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Race Street

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Race Street
Theatrical release poster
Directed byEdwin L. Marin
Screenplay byMartin Rackin
Based onRace Street
1945 story in Turf and Sport Digest
by Maurice Davis
Produced byNat Holt
Jack Gross
StarringGeorge Raft
William Bendix
Marilyn Maxwell
CinematographyJ. Roy Hunt
Edited bySamuel E. Beetley
Music byRoy Webb
Distributed byRKO Pictures
Release date
  • June 22, 1948 (1948-06-22) (United States)[1]
Running time
79 minutes
CountryUnited States

Race Street is a 1948 American crime film noir directed by Edwin L. Marin. The drama features George Raft, William Bendix and Marilyn Maxwell. It was one of several collaborations between Raft and Marin.[2]


When his bookie pal Hal is killed, nightclub owner Dan Gannin intends to do something about it. His police pal Lt. Runson warns him not to take the law into his own hands.

Also concerned is Dan's girlfriend, Robbie, a war widow. But when two thugs working for a mob boss blindfold and beat Dan, a disloyal Robbie is also in the room.

It turns out Robbie is not a widow at all but the showgirl ex-wife of the crime kingpin, Phil Dixon, and still working for him. She denies it at first, but Dan recalls recognizing the scent of her perfume while blindfolded.

Lt. Runson tries to provide Dan protective custody, but another bookie betrays Dan to the mob. The lieutenant is about to be shot when Dan intercepts the bullet. He dies as Dixon is placed under arrest.



The script was based on a magazine serial by Maurice Davis which appeared in Turf and Sport Digest from December 1945 to March 1946. Film rights were bought by RKO. Raft signed in January 1947. According to the New York Times, Raft was to play a newspaper handicapper and William Bendix would play a bookmaker who tries to corrupt the handicapper because he is costing the bookmaker money.[3]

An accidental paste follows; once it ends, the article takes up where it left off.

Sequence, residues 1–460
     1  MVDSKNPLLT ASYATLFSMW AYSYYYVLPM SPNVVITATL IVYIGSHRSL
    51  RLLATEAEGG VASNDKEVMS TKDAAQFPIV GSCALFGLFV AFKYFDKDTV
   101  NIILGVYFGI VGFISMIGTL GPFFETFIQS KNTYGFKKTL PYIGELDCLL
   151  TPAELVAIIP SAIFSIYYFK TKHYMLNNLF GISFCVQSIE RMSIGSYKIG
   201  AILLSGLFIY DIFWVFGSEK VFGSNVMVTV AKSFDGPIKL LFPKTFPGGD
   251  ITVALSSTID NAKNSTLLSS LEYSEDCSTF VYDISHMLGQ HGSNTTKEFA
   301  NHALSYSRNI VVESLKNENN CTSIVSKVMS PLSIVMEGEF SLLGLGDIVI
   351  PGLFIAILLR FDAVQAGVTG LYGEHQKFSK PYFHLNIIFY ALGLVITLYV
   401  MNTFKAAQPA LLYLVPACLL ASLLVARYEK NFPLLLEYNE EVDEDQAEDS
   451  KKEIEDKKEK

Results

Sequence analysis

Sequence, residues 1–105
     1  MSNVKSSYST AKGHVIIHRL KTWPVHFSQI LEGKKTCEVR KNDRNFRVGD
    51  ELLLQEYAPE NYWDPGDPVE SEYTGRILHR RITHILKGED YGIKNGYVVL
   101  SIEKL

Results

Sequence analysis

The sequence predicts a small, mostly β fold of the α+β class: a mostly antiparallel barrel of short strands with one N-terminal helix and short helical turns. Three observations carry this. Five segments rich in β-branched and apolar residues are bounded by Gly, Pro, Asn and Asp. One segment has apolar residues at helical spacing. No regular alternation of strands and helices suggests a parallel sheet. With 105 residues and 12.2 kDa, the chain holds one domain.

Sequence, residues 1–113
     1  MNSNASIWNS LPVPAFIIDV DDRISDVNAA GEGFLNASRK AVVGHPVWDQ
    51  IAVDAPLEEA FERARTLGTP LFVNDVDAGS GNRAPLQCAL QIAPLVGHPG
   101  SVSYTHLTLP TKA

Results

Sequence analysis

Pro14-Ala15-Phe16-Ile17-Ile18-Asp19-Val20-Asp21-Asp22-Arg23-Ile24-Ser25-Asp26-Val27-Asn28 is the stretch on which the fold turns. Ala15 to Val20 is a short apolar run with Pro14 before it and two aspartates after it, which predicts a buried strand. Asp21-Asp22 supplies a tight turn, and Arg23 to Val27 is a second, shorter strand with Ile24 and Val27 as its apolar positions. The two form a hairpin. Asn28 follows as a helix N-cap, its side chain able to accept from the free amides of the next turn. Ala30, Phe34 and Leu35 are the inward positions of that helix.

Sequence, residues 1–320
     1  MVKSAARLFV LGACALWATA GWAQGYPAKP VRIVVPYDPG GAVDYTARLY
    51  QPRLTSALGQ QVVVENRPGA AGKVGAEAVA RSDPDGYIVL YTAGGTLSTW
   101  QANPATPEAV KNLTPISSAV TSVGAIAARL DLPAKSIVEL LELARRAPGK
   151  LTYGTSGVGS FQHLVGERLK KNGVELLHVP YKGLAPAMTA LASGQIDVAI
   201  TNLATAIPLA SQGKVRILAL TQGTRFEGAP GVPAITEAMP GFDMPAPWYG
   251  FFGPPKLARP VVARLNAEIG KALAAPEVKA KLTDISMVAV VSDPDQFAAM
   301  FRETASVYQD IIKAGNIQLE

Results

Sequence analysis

The story changed and the female lead went to Marilyn Maxwell.[4] Gale Robbins, who played Raft's sister, was a singer under contract to RKO.

There was some location filming in San Francisco.

At one time the film was going to be called Jackpot.[5]

The film was made by RKO when it was run by Dore Schary but before it was released the studio was bought by Howard Hughes and Schary left the company.


When the film was released, The New York Times film critic, Thomas M. Pryor, panned the film, writing, "everything about this dreary exercise in violence is strictly formula, depressingly juvenile and dull...Mr. Raft, an old hand at this sort of thing, handles himself with ease and authority, and William Bendix does a good job as the detective. There is even professional dexterity to the direction, but all this energy is completely wasted on a shoddy, routine story."[6]

The Los Angeles Times said the film "didn't have much to say."[7]

Box office

The film made a minor profit. It was the third of four films Raft made for RKO.[8]


  1. ^ "Race Street: Detail View". American Film Institute. Retrieved May 10, 2014.
  2. ^ Vagg, Stephen (February 9, 2020). "Why Stars Stop Being Stars: George Raft". Filmink.
  3. ^ THOMAS F BRADY (January 29, 1947). "DRAMA AND FILM". Los Angeles Times. ProQuest 165722281.
  4. ^ THOMAS F BRADY (August 15, 1947). "DAVENPORT NOVEL ACQUIRED BY FOX". New York Times. ProQuest 107811520.
  5. ^ By THOMAS F BRADY Special to The New York Times. (September 30, 1947). "'MAYERLING' LEAD TO JOAN FONTAINE". New York Times. ProQuest 108063042.
  6. ^ Pryor, Thomas M (August 23, 1948). "film review". The New York Times. Retrieved February 27, 2011.
  7. ^ Scheuer, P. J. (December 3, 1948). "Raft meets 'musclers' in racket". Los Angeles Times. ProQuest 165897819.
  8. ^ Everett Aaker, The Films of George Raft, McFarland & Company, 2013 p 132
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